The Sport Coat
The sport coat is without doubt one of the most versatile garments in a gentleman’s wardrobe. And it is also one of the most essential. Mere men may go through life with a wardrobe of casual clothing plus one suit for special occasions—the wedding, the funeral, the graduation. But for gentlemen, a sport coat is worn the way a college student wears a sweater or a hoodie: For a gentleman, a sport coat is a part of everyday wear. And every gentleman should have at least two at all times: one for the warm months, and one for the more frigid months.
The sport coat (also called “sport jacket”) has its origin in the sport of shooting. It is believed that the forerunner of all sport jackets is the Norfolk jacket, first worn at shooting parties on the estates of the Duke of Norfolk in the late 1800s. Made of tweed, the Norfolk jacket is a single-breasted garment typically featuring three or four buttons, is belted at the waist, gusseted or pleated at the side-back for ease of movement, and is equipped with large, functional pockets for holding cartridges and provisions. It is traditionally worn with trousers of a different fabric and color. By the 1920s, the sport jacket had taken the riding jacket, rather than the shooting jacket, as its inspiration, thereby losing the gussets, belted waist, and large pockets. The custom of wearing the jacket with trousers of a different, but complementary, fabric, however, remained.
The length of a sport coat is typically slightly shorter—perhaps by as much as two inches—than the traditional suit jacket, thereby giving the wearer the appearance of longer legs. But otherwise, a sport coat’s styling is similar to a suit jacket’s. (When the longer jacket of a suit is combined with trousers of the same fabric, it, too, because of the uninterrupted color and pattern, can create the impression of a longer “line,” even on the shorter gentleman. But if the sport coat were the length of the typical suit jacket, it would “dissect” most gentlemen, making them appear short-legged on account of the break in flow of color between the jacket and the trousers. Since around 2008, with the overall silhouette of men’s suits becoming more closely fitted, with raised armholes, closer-fitting sleeves, narrower pants, and shorter, more body-conscious jackets, the modern sport coat and the modern suit jacket have equalized lengthwise).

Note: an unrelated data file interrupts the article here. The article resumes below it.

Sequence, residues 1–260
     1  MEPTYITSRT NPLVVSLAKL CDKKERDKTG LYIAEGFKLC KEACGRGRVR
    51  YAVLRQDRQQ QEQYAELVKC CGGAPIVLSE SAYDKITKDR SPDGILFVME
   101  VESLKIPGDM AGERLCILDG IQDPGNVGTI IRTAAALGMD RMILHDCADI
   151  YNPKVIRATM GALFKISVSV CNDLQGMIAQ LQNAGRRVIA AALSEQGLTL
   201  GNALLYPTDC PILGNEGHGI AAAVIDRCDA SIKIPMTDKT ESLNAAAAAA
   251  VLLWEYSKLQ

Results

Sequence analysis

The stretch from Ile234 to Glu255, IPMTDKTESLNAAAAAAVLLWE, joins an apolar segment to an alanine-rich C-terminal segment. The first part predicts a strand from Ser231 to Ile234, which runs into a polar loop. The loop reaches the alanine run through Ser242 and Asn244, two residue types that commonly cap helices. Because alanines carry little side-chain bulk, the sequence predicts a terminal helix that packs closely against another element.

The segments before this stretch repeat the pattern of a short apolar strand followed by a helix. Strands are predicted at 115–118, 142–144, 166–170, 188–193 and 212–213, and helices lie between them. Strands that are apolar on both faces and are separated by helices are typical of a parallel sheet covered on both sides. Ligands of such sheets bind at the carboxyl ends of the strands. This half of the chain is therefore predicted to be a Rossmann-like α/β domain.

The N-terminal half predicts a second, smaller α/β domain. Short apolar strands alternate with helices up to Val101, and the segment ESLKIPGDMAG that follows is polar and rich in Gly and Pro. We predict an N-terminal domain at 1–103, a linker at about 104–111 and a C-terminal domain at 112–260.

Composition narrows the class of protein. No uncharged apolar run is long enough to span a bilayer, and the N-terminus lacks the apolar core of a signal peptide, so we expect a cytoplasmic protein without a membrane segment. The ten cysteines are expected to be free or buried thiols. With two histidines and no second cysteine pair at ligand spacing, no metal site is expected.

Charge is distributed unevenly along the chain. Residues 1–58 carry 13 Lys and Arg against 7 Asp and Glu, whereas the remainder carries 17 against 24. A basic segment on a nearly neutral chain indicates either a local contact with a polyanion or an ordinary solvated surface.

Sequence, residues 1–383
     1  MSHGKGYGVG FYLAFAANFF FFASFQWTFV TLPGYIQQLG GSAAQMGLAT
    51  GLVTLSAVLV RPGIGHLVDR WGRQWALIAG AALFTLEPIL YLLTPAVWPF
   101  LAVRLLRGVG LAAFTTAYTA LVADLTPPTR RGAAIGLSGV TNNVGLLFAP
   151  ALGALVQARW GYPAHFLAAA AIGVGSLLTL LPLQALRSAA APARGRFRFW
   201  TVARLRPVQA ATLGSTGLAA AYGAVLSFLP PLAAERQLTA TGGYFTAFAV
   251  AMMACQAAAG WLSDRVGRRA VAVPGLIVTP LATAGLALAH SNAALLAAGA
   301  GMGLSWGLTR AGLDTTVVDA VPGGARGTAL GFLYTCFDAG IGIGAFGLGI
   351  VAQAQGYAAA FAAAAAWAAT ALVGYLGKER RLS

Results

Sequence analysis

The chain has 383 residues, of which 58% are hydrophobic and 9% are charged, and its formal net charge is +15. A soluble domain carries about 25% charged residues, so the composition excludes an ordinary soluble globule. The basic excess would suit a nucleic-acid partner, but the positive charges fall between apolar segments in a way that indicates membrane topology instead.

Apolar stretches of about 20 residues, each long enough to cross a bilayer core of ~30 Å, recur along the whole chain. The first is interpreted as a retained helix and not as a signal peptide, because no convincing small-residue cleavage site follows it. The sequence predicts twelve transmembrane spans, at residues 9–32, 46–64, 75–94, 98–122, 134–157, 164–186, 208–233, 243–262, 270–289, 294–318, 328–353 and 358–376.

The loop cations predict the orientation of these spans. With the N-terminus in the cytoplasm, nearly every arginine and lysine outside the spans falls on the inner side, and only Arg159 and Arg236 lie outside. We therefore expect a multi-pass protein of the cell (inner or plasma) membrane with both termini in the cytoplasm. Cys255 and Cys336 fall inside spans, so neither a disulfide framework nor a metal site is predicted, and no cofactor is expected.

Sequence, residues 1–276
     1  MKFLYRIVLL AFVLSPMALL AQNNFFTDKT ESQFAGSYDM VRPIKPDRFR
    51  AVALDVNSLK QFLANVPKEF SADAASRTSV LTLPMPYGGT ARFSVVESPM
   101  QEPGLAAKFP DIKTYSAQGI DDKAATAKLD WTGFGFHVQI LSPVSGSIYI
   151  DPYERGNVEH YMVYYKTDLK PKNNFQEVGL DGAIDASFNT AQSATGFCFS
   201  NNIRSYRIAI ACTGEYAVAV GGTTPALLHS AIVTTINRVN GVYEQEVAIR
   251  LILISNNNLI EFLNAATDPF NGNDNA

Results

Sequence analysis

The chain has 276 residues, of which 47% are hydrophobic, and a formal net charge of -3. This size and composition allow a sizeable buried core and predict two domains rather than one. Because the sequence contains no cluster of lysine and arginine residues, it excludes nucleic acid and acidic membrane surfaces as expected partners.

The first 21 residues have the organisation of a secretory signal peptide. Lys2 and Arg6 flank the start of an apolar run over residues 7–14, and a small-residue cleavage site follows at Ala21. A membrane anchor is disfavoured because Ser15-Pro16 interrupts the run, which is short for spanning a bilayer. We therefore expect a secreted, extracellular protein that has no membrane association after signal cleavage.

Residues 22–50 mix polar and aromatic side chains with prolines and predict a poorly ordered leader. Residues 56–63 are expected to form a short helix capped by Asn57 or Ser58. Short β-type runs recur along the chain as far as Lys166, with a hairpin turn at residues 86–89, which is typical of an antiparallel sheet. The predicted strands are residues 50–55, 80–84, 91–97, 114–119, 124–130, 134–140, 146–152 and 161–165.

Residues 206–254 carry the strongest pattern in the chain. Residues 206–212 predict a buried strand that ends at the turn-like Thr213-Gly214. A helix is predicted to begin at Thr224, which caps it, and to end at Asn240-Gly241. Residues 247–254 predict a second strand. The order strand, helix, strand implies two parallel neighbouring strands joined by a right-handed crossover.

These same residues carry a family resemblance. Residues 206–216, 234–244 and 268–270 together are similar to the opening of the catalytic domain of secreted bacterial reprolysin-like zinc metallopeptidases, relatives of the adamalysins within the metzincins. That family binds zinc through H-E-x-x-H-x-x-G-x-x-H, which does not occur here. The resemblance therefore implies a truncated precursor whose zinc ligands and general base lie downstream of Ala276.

Even more so than a tie, a sport coat tends to serve as an exclamation mark for whatever a gentleman is wearing. It is also a mark of distinction: A man who “throws on” a linen sport coat over a polo shirt and adds a pair of jeans will be smartly dressed for a picnic or an afternoon at the races; then the following day, he could wear that same sport coat with a shirt and tie and be dressed for a business lunch or for Sunday Mass. When appropriately worn in the company of suits, a good, well-fitting sport coat is like a breath of fresh air blowing through a dark, congested, urban street. And when worn in casual settings, it is like a peacock amidst turkeys.
Early in its history, the sport jacket was a garment of privilege: Only a man who already had a suit would invest in a sport jacket. Today, however, a sport coat is regarded as a necessity—as a transitional garment that seamlessly vacillates between casual and semi-formal at the whim of a gentleman.